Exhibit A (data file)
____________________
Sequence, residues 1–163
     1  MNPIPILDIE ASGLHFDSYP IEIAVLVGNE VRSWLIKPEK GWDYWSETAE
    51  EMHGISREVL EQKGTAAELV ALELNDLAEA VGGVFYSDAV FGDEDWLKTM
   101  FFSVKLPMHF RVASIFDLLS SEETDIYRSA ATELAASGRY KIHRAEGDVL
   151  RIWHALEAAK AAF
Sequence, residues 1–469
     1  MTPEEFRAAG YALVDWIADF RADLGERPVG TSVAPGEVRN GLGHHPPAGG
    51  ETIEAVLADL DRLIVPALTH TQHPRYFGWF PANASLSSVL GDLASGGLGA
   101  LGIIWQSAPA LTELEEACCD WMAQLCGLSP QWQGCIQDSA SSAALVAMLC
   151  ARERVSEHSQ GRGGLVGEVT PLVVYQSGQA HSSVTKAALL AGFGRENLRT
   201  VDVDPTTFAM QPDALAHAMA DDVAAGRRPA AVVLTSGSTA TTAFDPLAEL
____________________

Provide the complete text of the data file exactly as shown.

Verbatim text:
Sequence, residues 1–163
     1  MNPIPILDIE ASGLHFDSYP IEIAVLVGNE VRSWLIKPEK GWDYWSETAE
    51  EMHGISREVL EQKGTAAELV ALELNDLAEA VGGVFYSDAV FGDEDWLKTM
   101  FFSVKLPMHF RVASIFDLLS SEETDIYRSA ATELAASGRY KIHRAEGDVL
   151  RIWHALEAAK AAF
Sequence, residues 1–469
     1  MTPEEFRAAG YALVDWIADF RADLGERPVG TSVAPGEVRN GLGHHPPAGG
    51  ETIEAVLADL DRLIVPALTH TQHPRYFGWF PANASLSSVL GDLASGGLGA
   101  LGIIWQSAPA LTELEEACCD WMAQLCGLSP QWQGCIQDSA SSAALVAMLC
   151  ARERVSEHSQ GRGGLVGEVT PLVVYQSGQA HSSVTKAALL AGFGRENLRT
   201  VDVDPTTFAM QPDALAHAMA DDVAAGRRPA AVVLTSGSTA TTAFDPLAEL